It is easy to launch complaints or fret about things one doesn’t agree with. Coming up with a solution to the problem is much more difficult. To me, complaining without offering a solution is useless, and I usually respond to complaints by asking the complainer, “So what do you plan to do about it?”

I was very happy, therefore, when I came up with several possible solutions to the Indonesian language infiltration dilemma.

Operating from the students’ reactions during our conversation and the fact that students play a big role in the future of our country, I asked myself, Why does this young person think like that? What makes them think that using foreign words in their conversation will depict them as educated or debonair? I came up with the following answers.

  1. It is Indonesian public opinion that the use of bastardized Indonesian words is a sign of being educated and alludes to the fact the person has a Western education or, at the least, fraternizes with foreigners.
  2. There is no love or pride in regards to our own language.
  3. Despite the fact that Indonesia has been independent for 73 years, we still suffer the consequences of colonialization, which erased our self-worth and pride. Colonialism instilled in us that we are worthless and taught us that unless we adapted the colonialists’ lifestyle, we would not be treated equal.

Based on the above, I conclude that our language is in a precarious situation.

  1. As a nation, we still suffer from a lack of self-worth
  2. Indolence is a characteristic of people who live in the tropics

With this knowledge, what can we do to remedy the problem?

I feel that it is vital to reignite the fire of nationalism that lit our revolution — the blazing fire that provided Indonesian people with hope, self-confidence, and the courage to break free from the tyranny of colonialism. It is time to rekindle the fire that President Soekarno started during those days of revolution.

By rebuilding nationalism and national pride, the desire to protect and serve our country will be awakened; and self-respect will automatically be fostered. The school system, starting with kindergarten and ending in higher education institutions, is an excellent growing ground for the seed of nationalism. Geography, history, cultural, and language studies are all avenues to awaken nationalism.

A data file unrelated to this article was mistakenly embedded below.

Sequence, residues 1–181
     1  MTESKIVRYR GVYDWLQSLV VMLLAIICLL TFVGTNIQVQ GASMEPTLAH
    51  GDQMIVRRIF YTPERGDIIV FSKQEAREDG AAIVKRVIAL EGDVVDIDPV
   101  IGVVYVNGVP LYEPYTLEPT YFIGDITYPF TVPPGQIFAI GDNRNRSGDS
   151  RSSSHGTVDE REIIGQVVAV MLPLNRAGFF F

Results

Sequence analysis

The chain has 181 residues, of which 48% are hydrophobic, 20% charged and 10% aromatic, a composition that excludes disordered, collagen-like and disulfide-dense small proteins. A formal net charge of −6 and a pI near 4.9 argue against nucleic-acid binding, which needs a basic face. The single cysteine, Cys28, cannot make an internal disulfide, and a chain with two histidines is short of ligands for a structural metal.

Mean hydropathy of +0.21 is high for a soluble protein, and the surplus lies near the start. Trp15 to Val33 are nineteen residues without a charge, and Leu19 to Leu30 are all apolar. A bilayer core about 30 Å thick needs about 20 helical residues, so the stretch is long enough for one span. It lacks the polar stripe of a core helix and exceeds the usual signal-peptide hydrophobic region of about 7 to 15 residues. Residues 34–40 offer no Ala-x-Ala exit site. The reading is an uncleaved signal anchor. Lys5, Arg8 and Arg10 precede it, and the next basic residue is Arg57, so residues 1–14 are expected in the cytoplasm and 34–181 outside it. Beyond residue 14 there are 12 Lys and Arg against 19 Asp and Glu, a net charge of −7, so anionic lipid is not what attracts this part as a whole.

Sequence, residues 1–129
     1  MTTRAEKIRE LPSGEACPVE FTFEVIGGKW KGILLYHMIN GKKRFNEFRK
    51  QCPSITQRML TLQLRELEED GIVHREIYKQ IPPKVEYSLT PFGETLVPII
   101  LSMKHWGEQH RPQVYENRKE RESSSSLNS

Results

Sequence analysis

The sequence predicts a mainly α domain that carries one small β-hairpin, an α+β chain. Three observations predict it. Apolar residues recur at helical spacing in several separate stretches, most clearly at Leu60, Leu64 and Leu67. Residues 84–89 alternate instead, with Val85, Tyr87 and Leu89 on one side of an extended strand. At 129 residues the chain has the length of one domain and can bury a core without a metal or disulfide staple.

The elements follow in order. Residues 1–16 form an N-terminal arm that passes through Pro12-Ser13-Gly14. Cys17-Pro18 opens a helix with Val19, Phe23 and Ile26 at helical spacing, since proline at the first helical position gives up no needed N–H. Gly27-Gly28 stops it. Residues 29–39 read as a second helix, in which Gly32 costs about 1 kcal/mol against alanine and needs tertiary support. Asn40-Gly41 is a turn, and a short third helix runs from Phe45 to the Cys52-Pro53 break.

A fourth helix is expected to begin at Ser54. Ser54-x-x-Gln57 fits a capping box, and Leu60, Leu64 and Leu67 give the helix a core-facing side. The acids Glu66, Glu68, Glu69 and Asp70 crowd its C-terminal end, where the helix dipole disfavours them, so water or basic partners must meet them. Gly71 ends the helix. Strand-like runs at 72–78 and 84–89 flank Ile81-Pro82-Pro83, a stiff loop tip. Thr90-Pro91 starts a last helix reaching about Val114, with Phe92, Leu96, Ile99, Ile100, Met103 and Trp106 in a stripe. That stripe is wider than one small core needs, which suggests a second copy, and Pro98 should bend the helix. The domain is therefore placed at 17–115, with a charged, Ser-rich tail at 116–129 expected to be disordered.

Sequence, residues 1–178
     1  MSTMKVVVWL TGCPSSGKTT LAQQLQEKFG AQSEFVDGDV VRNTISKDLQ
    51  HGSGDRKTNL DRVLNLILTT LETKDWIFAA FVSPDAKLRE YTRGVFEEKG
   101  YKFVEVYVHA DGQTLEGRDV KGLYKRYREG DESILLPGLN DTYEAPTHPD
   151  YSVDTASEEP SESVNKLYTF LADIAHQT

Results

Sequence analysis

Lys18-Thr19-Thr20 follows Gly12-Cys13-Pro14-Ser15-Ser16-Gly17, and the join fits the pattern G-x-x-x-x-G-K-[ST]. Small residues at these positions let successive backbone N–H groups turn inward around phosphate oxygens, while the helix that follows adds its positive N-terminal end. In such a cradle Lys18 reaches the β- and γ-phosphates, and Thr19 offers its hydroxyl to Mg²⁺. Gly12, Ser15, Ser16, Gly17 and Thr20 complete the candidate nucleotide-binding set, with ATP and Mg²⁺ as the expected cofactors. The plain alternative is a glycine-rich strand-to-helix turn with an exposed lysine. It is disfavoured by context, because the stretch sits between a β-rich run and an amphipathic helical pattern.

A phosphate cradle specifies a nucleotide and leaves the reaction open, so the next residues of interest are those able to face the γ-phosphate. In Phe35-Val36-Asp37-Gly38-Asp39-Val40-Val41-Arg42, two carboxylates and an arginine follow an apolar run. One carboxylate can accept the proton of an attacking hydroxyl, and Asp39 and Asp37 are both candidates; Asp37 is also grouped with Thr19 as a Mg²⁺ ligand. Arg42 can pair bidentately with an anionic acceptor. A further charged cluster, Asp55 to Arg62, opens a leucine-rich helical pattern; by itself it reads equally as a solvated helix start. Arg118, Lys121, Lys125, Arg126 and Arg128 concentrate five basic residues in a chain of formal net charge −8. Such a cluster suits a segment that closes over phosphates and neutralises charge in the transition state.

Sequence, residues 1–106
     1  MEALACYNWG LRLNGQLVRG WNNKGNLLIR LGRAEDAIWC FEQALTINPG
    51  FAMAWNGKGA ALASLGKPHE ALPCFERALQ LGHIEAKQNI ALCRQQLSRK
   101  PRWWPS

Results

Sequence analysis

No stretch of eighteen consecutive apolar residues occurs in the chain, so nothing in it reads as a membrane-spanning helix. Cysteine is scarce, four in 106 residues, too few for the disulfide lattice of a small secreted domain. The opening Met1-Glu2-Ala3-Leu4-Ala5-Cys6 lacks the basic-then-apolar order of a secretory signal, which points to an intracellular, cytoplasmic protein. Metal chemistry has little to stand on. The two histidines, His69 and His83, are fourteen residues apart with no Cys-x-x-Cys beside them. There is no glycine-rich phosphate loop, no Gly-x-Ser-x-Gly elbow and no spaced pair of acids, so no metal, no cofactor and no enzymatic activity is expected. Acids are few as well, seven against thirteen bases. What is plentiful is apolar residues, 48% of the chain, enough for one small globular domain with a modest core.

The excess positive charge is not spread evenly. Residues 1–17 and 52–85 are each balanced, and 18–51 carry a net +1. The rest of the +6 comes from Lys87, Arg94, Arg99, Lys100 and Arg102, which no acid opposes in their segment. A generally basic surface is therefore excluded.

I still remember, when growing up, how careful we were to only speak proper Dutch. Mispronunciation or inappropriate word or phrase usage resulted in insults. We therefore did everything we could to meet the Dutch standard.

It therefore puzzles me that we now don’t seem to apply this notion to our own language. I am saddened by the realization that not only youngsters are guilty of violating our language, but adults are also very much guilty of committing the same crime.

Proper language should be used at all times. During colonial times, it would have been impossible for anyone to obtain a desk job without proper language skills. In the publishing world, a mastery of language is obviously a must.

Now, what is a “mastery of language”?

As a publisher, I consider someone to master a language if they, aside from being able to speak and write in that language, also has a full understanding of what is written in that language. Some who master a language, other than understanding what is said and written in that language, also can think, feel, see, hear, and touch in that language. In other words, one lives the language one masters.

In his poem “Immigrant Blues,” Li-Young Lee, an American poet born in Jakarta, says about learning a foreign language, “Practice until you feel the language inside you…”

He doesn’t say, “until you can understand, speak, or write it.” No, he says, “Until you feel.” Only after one has acquired this relationship with a language, does one master it.

Before we, as a nation, start chasing dreams of becoming citizens of the world —especially in the areas of literature — and set out to explore and embrace other foreign cultures and languages, let us pause a moment to focus on how much we know about our own culture, and what kind of mastery we have of our own language.

With the great probability that Indonesian parents use English-corrupted Indonesian language in their communication with their children, it seems that today, teaching our youth to master our mother tongue has become problematic. This problem becomes even bigger when parents send their children to an international school where, of course, English is used as the working language, and Indonesian is most likely not in the curriculum.

Because I subscribe to the English saying, You need to walk the talk, meaning, you need to act and do as you say, I execute what I believe might keep our language from vanishing and remaining independent. I take great care in my everyday Indonesian communications, and particularly those as a publisher, to use proper Indonesian language.

My actions are motivated by a fierce sense of nationalism and a deep love for the country of my birth.

I’d like to end my talk by, together, renewing the vow of the Indonesian youth, 90 years ago. On October 28, 1928, they pledged, Kami Poetra dan Poetri Indonesia, mendjoenjoeng bahasa persatoean, Bahasa Indonesia.” — We, the sons and daughters of Indonesia, respect the language of unity, Indonesian.



November 9, 2018 –

Launch Lolong Anjing di Bulan by Arafat Nur